i. Teaching papers. One of our goals is to make the IJCP a vital resource for the teaching of comparative psychology at all levels of the educational system. For example, with the trend for homeschooling, there is no reason that the IJCP cannot be the main source of activities for students.

3. Submission rules. Authors should follow the submission rules. These rules are in place in part to help the editorial staff with the timely processing of manuscripts and we expect your best work. As we are all volunteers our time is valuable and it is best spent on substantive issues rather than correcting a myriad of errors.

a. Closely check for typos, errors, and misspellings. While most manuscripts may have a typo or two, those with an excessive amount will be returned. Proofread the manuscript before submission. Typical errors are that citations are not properly referenced (i.e., does not follow the latest edition of APA formatting, references are cited but not included in the reference list, or vice versa), the reference style is inconsistent or references are missing readily available information required for APA formatting, statistical notation that is reported does not follow latest APA edition formatting, tables are not formatted properly or contain adequate notes in the description, and figure captions do not match the figures. Please also make sure that your papers follow general IJCP formatting regarding section titles and headers. Check your submissions carefully.

4. Pre-screening. Manuscripts will undergo a pre-screening process to assess if the manuscript is formatted correctly, or if there are numerous commonly found errors as listed above. Manuscripts found to contain multiple common errors will be returned to the author for corrections prior to the review process. There will also be another pre-screening prior to the paper entering IJCP copyediting. This is done to ensure timely processing of the manuscript through the publication process.

b. Include line numbers. Line numbers make editing the manuscript easier as both the editorial staff and reviewers can rapidly focus on the issues and more effectively convey to the author any concerns during the review process.

c. Doi numbers of references must be included at the time of submission. All journal citations must have an accurate doi number. If the doi numbers are not provided the manuscript will be returned. Before submitting the manuscript, make sure that the links to the doi numbers work.

d. Encourage the use of supplemental materials such as video clips. The IJCP has the ability to include supplemental materials. We would like to encourage our authors to make use of this feature – especially video clips. If a potential contributor is not sure about whether a submission is appropriate, they should feel free to contact me.

If there are any questions on what is required for a properly submitted manuscript contact me.

5. My background. As the new Editor-in-Chief, I feel it is important to provide some background information on my qualifications. I have always been interested in the comparative analysis of behavior since the time I was a freshman at Boston University (BU). At BU I had the opportunity to interact with a wide range of animals including the traditional rats and pigeons along with non-traditional animals such as ants, fish and monkeys. As a graduate student, my dissertation committee was composed of H. Marcucella, J. M. Harrison, and M. E. Bitterman. I had the opportunity to work with M. E. Bitterman at the University of Hawai’i in 1979 and again from 1983-1985. It is my experience in Hawai’i where I first began to work with honey bees and gained a lifelong appreciation for the comparative analysis of learning.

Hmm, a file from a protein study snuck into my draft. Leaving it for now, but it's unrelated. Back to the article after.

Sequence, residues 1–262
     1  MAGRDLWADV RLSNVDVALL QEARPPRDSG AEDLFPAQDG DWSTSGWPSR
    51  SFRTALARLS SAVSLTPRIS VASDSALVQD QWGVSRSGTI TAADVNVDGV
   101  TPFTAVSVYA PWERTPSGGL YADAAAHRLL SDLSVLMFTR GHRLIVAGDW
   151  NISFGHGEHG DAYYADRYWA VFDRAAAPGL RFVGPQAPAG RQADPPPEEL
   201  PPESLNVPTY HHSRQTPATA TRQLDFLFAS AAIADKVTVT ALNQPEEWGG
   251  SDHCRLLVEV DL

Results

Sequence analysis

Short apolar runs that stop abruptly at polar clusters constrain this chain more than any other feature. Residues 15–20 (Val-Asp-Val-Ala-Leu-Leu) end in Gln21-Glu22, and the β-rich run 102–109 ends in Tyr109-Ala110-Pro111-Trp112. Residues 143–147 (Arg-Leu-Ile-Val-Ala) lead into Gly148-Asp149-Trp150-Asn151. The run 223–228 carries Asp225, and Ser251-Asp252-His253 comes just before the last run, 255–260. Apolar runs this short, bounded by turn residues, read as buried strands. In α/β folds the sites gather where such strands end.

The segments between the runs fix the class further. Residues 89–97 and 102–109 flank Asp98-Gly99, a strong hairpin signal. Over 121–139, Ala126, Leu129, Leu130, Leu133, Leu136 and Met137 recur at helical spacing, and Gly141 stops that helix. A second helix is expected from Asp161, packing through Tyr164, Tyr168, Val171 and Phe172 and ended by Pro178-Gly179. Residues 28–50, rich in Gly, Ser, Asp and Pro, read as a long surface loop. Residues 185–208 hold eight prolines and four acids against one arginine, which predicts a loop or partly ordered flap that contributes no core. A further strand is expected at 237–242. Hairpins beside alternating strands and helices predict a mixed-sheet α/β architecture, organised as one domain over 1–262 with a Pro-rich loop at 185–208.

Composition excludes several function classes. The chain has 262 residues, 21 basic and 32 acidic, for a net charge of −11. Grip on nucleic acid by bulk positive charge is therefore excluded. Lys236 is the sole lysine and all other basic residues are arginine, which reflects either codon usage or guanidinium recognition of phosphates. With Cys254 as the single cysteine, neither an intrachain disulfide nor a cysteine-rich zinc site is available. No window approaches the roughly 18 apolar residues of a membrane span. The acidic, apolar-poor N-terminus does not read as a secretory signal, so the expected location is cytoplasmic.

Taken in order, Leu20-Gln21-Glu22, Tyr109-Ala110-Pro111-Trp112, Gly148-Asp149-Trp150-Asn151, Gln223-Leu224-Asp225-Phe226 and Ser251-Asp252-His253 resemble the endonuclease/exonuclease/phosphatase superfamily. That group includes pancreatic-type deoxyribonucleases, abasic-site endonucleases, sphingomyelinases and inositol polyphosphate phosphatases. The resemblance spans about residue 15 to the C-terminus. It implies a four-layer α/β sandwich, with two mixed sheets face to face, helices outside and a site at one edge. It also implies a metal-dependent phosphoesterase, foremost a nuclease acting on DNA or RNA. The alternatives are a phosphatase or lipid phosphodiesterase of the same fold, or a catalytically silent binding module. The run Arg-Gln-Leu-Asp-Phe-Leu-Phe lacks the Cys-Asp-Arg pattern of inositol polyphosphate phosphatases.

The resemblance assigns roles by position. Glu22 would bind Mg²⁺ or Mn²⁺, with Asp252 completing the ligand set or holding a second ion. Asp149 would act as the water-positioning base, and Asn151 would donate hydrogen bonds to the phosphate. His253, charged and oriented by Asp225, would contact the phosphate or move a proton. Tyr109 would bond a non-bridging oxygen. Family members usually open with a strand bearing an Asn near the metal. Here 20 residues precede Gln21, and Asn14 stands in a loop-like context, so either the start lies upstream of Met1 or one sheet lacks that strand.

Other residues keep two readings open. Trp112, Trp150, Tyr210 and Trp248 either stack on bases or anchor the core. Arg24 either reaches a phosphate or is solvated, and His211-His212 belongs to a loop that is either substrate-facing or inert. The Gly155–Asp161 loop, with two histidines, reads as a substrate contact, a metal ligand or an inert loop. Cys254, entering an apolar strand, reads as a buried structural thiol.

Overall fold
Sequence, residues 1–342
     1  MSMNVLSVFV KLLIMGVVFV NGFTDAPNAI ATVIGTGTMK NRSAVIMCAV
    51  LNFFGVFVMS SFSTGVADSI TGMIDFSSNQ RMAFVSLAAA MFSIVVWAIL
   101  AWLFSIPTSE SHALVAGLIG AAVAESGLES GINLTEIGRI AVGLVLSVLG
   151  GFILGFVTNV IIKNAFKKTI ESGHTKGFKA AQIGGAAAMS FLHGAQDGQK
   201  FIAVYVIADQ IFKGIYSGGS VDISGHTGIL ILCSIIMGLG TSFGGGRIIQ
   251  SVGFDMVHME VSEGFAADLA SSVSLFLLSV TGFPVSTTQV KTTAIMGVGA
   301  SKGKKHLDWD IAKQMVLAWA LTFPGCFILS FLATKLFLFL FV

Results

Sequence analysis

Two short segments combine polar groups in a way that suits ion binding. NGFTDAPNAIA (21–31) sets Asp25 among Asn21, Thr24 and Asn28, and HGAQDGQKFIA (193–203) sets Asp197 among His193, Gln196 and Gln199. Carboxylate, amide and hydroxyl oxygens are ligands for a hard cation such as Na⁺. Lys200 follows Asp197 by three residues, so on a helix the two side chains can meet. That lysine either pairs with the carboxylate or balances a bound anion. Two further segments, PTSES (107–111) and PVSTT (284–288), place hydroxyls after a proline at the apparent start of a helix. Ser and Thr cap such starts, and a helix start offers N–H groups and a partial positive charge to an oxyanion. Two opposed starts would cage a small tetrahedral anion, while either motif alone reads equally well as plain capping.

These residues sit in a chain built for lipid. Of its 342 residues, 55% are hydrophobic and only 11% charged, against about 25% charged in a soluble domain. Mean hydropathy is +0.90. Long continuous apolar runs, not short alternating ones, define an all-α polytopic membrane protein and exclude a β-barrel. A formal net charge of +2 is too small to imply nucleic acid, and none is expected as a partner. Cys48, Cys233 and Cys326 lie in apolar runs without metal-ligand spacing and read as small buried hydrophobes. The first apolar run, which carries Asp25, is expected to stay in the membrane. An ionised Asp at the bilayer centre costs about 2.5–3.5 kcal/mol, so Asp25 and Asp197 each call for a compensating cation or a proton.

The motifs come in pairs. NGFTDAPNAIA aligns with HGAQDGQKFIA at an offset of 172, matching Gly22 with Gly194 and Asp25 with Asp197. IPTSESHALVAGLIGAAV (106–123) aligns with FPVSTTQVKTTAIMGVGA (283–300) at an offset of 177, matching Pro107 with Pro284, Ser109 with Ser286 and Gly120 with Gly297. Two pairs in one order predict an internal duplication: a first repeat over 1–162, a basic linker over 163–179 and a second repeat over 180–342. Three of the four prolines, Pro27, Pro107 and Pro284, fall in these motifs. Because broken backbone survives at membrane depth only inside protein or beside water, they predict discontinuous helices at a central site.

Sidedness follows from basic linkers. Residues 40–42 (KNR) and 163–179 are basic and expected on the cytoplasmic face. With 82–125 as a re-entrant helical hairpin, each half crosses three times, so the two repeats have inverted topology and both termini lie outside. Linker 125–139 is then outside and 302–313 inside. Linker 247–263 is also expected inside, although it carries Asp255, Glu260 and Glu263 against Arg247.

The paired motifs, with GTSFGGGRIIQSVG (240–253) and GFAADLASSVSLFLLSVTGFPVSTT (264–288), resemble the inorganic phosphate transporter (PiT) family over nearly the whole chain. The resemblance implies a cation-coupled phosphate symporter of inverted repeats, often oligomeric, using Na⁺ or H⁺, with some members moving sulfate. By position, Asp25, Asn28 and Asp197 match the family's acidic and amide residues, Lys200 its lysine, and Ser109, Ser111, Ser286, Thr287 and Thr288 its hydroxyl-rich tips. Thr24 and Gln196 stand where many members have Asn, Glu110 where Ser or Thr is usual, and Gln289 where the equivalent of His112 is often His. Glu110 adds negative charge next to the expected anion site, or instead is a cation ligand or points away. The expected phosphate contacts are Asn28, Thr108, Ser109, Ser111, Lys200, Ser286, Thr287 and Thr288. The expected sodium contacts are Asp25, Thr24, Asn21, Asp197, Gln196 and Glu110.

Over the course of my 35-year career I have had the privilege of working with over 30 different species of both invertebrate and vertebrate animals (and plants) in a wide range of both basic and applied problems. My experience is considerable and my work has taken me to over 25 countries and produced over 300 publications and 21 books on assorted topics. I have been fortunate enough to be recognized for my contributions both in the United States and abroad. Concerning editorial boards, I have served on many over the years both in the United States and abroad. These and my other experiences put me in a unique position to increase the profile of the IJCP.

On the negative side, over the course of my career, I have witnessed the decline of comparative psychology. I have written about this on several occasions (e.g., Abramson, 2015) and have experienced opinions ranging from “let it die” to ‘it has been absorbed.” I strongly believe that comparative psychology is a vital area and is worth saving. This is why I decided to accept the position of Editor-in-Chief. The editorial staff and I believe that the IJCP can reverse this trend. I can imagine no better area of psychology than comparative psychology.

Abramson, C. I. (2015). A crisis in comparative psychology: Where have all the undergraduates gone? Frontiers in Psychology, 6, 1500. 

Abramson, C.I., Collier, D.M., & Marcucella, H. (1977). An aversive conditioning unit for ants. Behavior Research Methods & Instrumentation, 9, 505-507.

Abramson, C. I. & Black, T. E. (2017). Importance of comparative psychology in pet industry litigation. Journal of Social Sciences, 13, 118-123.